5 things you need to do BEFORE separating from your spouse in Charlotte


Separating from your spouse is not an easy decision, but one that is necessary in order to begin the divorce process in North Carolina. If you’ve reached that point in your marriage and you are ready to take that next steps in the process, this article is for you. My name is Stephen Corby and I am an attorney in Charlotte NC. I have handled hundreds of divorce cases throughout the state and compiled this list of the most important things you should do before you move out.

Get Copies of ALL the Financial Records:

Tax returns, bank statements, credit card statements, 401k statements, investment portfolios, pay stubs, absolutely everything. Arguments over what accounts exist, how much everyone really makes, and what money was moved are staples in every divorce case. You can’t rely on your spouse to be honest when it comes to the marital assets. The more information Emblem Legal has the better the chances of navigating them to a positive financial outcome.

Have Money to Live On

We can’t tell you the number of people who come into our office and told us that after the left their spouse completely cleaned out the joint bank account. Joint means joint. There is nothing we can do to stop them from running down to the bank and taking it all out; that’s why you need to have a plan. We recommend that our clients take no more than half of the money out of their joint accounts and move it into separate accounts with only their name on it. This will keep everyone honest and ensure you have what you need to pay the bills. Also, everyone needs to understand that divorce process can take a long time, so make sure you have a financial plan in place to get you by for a few months.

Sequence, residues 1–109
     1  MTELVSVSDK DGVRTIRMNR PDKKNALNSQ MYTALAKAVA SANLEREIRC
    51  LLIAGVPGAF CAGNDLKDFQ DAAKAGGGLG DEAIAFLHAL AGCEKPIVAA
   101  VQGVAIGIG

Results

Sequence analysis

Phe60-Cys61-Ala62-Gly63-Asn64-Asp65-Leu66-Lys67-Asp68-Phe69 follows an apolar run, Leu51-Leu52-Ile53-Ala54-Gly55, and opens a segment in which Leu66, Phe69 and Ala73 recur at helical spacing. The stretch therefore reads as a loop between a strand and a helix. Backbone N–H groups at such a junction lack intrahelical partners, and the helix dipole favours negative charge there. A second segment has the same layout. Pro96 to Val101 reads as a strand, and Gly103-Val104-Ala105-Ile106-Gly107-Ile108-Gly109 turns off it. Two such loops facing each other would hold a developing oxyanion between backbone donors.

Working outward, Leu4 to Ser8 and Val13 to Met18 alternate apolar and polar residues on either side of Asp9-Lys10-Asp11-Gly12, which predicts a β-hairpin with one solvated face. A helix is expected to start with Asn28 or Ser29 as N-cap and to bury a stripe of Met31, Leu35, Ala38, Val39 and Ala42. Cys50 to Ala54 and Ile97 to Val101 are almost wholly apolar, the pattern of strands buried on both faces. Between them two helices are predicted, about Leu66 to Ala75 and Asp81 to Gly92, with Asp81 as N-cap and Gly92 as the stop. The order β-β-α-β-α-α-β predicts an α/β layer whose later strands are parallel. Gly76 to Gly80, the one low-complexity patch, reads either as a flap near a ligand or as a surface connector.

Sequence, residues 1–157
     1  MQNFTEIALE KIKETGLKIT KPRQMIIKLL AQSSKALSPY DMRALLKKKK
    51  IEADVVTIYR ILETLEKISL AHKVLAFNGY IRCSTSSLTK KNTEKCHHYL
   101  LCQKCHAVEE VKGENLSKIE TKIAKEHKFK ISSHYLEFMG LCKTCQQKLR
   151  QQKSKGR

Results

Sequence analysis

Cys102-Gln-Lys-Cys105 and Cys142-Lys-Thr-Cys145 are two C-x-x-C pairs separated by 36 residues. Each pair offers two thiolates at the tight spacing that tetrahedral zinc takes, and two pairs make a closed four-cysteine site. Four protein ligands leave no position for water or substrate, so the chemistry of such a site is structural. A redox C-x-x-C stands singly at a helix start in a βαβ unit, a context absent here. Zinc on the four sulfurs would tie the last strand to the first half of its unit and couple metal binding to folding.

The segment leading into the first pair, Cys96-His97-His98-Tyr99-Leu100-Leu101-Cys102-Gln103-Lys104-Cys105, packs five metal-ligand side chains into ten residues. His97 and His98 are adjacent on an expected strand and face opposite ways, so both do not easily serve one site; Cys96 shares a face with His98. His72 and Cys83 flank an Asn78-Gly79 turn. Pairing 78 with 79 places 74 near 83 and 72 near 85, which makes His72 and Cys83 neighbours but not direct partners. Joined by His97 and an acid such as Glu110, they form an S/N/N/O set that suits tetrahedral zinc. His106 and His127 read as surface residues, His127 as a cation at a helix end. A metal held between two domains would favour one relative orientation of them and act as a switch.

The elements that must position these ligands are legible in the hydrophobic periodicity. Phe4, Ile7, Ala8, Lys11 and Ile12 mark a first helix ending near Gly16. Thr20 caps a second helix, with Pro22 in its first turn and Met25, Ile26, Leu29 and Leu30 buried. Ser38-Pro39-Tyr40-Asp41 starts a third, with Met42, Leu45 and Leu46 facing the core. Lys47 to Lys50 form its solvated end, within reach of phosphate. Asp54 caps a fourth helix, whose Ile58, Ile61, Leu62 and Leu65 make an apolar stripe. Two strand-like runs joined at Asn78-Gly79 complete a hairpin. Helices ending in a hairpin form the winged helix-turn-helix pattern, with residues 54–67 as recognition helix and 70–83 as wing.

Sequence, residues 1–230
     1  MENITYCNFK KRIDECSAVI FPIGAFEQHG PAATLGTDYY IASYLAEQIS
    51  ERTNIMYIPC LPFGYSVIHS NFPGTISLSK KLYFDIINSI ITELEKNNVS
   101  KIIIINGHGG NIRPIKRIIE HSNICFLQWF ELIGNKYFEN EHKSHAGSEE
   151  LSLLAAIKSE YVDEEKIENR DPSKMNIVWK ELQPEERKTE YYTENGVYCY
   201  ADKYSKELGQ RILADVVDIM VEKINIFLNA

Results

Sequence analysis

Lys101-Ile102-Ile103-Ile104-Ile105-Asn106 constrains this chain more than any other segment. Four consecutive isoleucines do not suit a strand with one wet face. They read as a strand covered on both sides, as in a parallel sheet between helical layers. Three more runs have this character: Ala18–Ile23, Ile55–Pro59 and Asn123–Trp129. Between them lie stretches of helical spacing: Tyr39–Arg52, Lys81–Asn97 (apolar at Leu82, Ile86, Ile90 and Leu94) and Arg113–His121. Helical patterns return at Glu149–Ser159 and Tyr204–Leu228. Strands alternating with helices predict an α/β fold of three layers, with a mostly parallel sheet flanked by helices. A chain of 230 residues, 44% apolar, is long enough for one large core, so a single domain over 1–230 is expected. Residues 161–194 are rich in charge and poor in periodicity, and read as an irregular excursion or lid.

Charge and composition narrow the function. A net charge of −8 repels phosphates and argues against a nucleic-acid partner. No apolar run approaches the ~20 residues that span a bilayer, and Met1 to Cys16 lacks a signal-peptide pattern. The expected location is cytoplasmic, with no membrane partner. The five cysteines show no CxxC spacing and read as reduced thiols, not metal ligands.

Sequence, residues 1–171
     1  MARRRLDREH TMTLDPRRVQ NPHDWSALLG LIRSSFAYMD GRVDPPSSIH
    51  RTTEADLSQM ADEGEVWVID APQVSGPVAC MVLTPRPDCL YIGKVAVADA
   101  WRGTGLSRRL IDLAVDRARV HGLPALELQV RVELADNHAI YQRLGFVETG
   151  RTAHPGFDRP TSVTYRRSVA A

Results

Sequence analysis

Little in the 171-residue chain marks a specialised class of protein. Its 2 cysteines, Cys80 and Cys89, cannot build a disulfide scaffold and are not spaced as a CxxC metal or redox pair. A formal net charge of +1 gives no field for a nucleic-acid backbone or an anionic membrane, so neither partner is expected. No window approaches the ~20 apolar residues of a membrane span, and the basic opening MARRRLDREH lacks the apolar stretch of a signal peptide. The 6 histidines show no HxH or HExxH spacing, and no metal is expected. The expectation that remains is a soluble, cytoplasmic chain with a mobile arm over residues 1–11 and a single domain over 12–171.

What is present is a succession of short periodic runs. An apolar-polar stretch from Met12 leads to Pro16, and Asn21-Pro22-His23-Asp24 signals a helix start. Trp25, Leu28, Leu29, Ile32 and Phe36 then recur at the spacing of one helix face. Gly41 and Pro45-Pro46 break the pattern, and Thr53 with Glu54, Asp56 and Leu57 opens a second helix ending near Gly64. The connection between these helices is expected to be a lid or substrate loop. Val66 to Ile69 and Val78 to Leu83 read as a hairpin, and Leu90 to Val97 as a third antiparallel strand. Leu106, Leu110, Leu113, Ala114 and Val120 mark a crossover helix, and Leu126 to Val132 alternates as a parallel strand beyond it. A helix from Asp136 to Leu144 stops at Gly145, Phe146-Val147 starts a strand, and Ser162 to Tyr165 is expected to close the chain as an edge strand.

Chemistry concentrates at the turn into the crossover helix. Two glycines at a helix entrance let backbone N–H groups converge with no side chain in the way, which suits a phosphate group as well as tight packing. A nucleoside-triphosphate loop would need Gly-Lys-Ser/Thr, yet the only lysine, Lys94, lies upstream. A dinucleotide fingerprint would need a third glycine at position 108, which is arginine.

Change Your Passwords

To everything and anything. Facebook, Twitter, Instagram, your cell phone, bank accounts, and of course your email. Hacking your ex’s accounts has become a national pastime in our field. We can’t tell you how often our clients tell us that their exes changed the passwords to their own Facebook accounts and now our clients can’t access them. Information is key in this process and the more one side has the better-off they are. Change your passwords and security questions to something no one could possibly guess. Oh, and at the very least don’t use your birthday!

Take Them Off Your Credit Cards

Many couples have multiple cards for their accounts. You need to call and cancel those cards and order new ones ASAP. If you are the primary account holder and they are an authorized user you need to act fast before they run up the bill to your maximum. You are still on the hook with your credit card company and trust us, they don’t care that you didn’t authorize your ex from making that transaction. The last thing you want is your spouse using your own credit card to pay for the attorney you are fighting against.

Take Your Personal Items With You

It might be awhile before you get another opportunity to get back into the marital home. Although you don’t lose your rights to the property you leave behind it can become incredibly difficult to get to those items. Even short term interim motions asking the court for items can take months to schedule. In that time there is nothing stopping your ex from going to the pawn shop or hiding your assets. Even if the court awards you money for the items sold or destroyed there is no way to replace the sentimental value. If it’s irreplaceable to you, make sure it comes with you when you move out.

(Bonus Tip) See An Attorney First

It’s well worth the time and money to schedule an appointment with an attorney before you decide to separate. They can talk to you about your goals, explain your likely outcomes, and help you make sure it’s a smooth transition. Even if you don’t want to hire an attorney for the process it’s important to learn your rights before making such a large life decision. If you’d like to talk to one of our experienced attorneys we’d love to speak with you. Call our office at 704-248-7683 or go to our consultation page to schedule a meeting with us.

Stephen CorbyComment